My .pdbrc

Sunday 8 April 2007

When I need a Python debugger, I use the standard pdb debugger. I’m very low-tech about it: I set breakpoints by adding this line to my source:

import pdb; pdb.set_trace()

It’s the only time I use the Python semicolon, and I always use it for this line.

This breaks me into the debugger when the line is executed, and I can step, examine, and so on, from there. The one aid I have is a small .pdbrc file to define a few handy shortcuts for me:

# Ned's .pdbrc

# Print a dictionary, sorted. %1 is the dict, %2 is the prefix for the names.
alias p_ for k in sorted(%1.keys()): print "%s%-15s= %-80.80s" % ("%2",k,repr(%1[k]))

# Print the member variables of a thing.
alias pi p_ %1.__dict__ %1.

# Print the member variables of self.
alias ps pi self

# Print the locals.
alias pl p_ locals() local:

# Next and list, and step and list.
alias nl n;;l
alias sl s;;l

This defines useful commands for printing members of expressions, members of self, and locals. Not a huge step forward, but helpful nonetheless.

There are other Python debuggers, but whenever I try them, I get tangled up in configurations and connections and IDEs. PDB just works, even though it is very basic. Someday I’ll find a better one, but for now it serves my needs.

Update: from the comments, a link to a cool way to get more interesting helper functions into the .pdbrc file: have it read an external Python file.


Kent Johnson 9:13 PM on 8 Apr 2007

I have found winpdb to be easy to set up and use.

Chui 6:23 AM on 9 Apr 2007

Pdb is my favourite too! You're the second person I know in the world who uses pdb.

Tim 9:18 AM on 9 Apr 2007

You should try epdb--it's an enhanced version of pdb with a lot of very nice features:

l and l- for moving backwards and forwards in source, and you can do: func? to get the signature of the object or func?? to get the docstring. It also has tab competion, conditional breakspoints, "until " to continue code execution until a certain point, etc.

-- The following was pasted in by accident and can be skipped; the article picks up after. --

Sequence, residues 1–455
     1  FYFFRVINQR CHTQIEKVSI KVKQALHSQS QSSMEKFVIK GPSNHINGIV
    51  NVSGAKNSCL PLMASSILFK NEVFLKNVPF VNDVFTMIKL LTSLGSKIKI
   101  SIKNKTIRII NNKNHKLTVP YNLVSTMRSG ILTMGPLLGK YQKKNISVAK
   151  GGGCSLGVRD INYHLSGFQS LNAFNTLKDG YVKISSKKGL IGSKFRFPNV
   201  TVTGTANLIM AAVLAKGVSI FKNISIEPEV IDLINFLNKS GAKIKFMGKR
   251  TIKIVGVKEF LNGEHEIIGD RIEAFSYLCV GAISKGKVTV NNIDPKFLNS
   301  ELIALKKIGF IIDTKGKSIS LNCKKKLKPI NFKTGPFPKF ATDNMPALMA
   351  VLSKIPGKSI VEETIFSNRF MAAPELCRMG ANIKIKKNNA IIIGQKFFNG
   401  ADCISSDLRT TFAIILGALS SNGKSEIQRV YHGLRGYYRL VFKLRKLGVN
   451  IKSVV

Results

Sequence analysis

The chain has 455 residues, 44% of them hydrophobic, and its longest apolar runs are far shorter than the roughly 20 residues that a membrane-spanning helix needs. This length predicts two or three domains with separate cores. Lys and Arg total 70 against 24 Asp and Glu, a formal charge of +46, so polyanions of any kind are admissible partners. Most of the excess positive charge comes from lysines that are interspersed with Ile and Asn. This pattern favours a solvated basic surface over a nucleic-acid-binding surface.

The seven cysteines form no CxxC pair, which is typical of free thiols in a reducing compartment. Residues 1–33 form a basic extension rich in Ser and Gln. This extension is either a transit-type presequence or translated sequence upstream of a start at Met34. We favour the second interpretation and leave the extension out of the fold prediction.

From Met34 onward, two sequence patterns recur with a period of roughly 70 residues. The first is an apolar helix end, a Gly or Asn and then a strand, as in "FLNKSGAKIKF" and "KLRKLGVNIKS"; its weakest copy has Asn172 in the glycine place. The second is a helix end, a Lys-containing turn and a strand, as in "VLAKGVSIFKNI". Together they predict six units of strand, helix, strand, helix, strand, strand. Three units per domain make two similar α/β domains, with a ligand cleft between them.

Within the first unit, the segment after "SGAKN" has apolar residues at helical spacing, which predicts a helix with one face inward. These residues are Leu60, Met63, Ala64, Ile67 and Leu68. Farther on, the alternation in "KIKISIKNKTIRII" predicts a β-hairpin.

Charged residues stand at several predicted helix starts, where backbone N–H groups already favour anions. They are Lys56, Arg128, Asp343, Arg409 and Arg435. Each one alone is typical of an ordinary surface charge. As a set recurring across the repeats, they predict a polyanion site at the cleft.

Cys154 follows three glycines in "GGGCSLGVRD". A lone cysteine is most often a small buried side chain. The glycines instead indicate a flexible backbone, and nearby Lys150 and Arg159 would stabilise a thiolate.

Bill Mill 9:36 AM on 9 Apr 2007

@Tim: It might be nice, but it doesn't work on Win32 (and is very hard to find - if you're interested)

Alex 8:52 PM on 9 Apr 2007

If you use pdb with emacs, it tracks the location in the source for you, most of the time, so you don't need the step-and-list aliases.

Paulo Eduardo Neves 11:51 PM on 9 Apr 2007

I agree about the set_trace, but I also can't live withtout this tip for code completion:

Bob Erb 10:57 PM on 12 Apr 2007

I've always felt shamefully simple by inserting "import pdb; pdb.set_trace()" into code I need to debug. Visions of sophisticated breakpoint management, Java IDE users smirking and shaking their heads, teasing whispers that there must be a *better* way of debugging python flash and fade. I won't feel that way tomorrow, though. Simple isn't only better, it's ok, too. Thanks, Ned!

Stephen Emslie 6:04 AM on 17 Apr 2007

>I agree about the set_trace, but I also can't live withtout this tip for code completion:

Thanks Paulo.

For those that want to take this trick a step further, I've submitted a patch to make this behaviour default in pdb. You can find the patch here:

jtr 2:37 PM on 22 Apr 2007

- for k in sorted(%1.keys())
+ for k in sorted(%1)

sorted will call iter for you, and iter(dict) is approximately the same as dict.iterkeys().

Bill Sagert 12:58 AM on 7 Jul 2018

Quitting pdb is not graceful as it vomits a scary pile of errors. I found a way to gracefully exit by editing a module imported by pdb called "bdb".

# acknowledgement:

look for "def dispatch_line"
comment out line 69: if self.quitting: raise BdbQuit
add new if clause: if self.quitting: os._exit(1)

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